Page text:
Writing in New Matilda, Tristan Ewins contrasts the Beazley tax plan with the actual distribution of pre-tax income:
Speaking earlier this year at the National Press Club, Beazley had identified â€˜middle Australiaâ€™ as those earning around $60,000 per year. At the same press conference, the Labor leader said he would like to target his tax cuts at people on around $55,000 a year.
But the real â€˜middle Australianâ€™ does not earn the average wage. Economist Andrew Leigh pointed this out in On Line Opinion, where he explained that the median income (i.e. the income of the person at the 50th percentile) is a far more reliable indication of what most people earn than the average, which is distorted by a minority of very high income earners at the top of the scale. The median Australian wage is around $26,000 per year; less than half of that characterised by Beazley as comprising â€˜middle Australiaâ€™.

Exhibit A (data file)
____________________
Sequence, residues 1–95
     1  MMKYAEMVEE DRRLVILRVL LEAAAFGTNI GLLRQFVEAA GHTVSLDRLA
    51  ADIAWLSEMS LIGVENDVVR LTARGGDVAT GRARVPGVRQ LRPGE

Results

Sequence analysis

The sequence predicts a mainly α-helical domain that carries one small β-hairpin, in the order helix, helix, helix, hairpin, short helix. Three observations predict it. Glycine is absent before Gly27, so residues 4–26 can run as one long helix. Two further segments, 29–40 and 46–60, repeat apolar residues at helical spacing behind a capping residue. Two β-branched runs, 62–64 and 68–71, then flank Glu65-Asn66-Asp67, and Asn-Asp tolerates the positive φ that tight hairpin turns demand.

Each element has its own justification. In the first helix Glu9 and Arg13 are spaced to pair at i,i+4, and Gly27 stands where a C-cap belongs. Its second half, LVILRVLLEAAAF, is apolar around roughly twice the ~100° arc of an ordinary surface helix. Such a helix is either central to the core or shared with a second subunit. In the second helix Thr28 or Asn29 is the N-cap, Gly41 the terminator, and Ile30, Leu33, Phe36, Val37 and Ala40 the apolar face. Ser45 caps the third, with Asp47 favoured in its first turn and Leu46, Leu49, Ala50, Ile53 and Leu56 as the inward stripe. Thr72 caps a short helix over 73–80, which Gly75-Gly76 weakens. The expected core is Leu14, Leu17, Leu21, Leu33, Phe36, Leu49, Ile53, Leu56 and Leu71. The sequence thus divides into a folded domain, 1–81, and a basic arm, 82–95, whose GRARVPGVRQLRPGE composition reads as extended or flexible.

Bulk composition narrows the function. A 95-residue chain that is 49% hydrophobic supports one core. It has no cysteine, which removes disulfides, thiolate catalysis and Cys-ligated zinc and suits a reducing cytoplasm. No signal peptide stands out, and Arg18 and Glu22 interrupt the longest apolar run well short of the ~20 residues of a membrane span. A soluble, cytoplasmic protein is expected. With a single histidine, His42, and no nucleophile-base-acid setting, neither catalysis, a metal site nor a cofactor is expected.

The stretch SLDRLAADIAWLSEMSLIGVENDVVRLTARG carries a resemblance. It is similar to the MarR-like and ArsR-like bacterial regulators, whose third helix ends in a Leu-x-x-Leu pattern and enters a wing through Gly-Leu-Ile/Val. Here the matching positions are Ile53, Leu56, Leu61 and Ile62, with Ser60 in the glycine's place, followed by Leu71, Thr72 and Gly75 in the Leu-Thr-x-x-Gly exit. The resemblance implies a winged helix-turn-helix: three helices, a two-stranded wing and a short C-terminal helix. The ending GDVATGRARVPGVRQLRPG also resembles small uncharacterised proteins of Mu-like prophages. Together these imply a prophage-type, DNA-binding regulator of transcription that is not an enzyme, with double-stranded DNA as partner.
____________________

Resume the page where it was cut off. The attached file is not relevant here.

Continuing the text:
I don’t agree with all of the proposals that Ewins goes on to make, but it does seem striking that a Labor leader is offering a tax plan targeted at those earning $55,000-60,000 (about the 80th percentile of the individual income distribution).
Incidentally, I updated those figures recently for a paper in Public Policy. The table is on the left. I think Beazley has in mind the median household income distribution, which I calculated to be $69,000. If we had the 1950s model of one earner per household, tax cuts targeted at individual incomes of $60k would benefit the median household. But because many households have secondary earners, a tax cut targeted at individual incomes of $60k is likely to flow almost exclusively to above-average households (a tax cut to those getting $X is almost always a tax cut to those getting $X and above).
It seems clear that the government’s highly regressive tax cuts have skewed the political debate – this is the first time I’ve seen a raised eyebrow at the prospect that Labor will go to the next election with a tax package that only benefits above-median income households.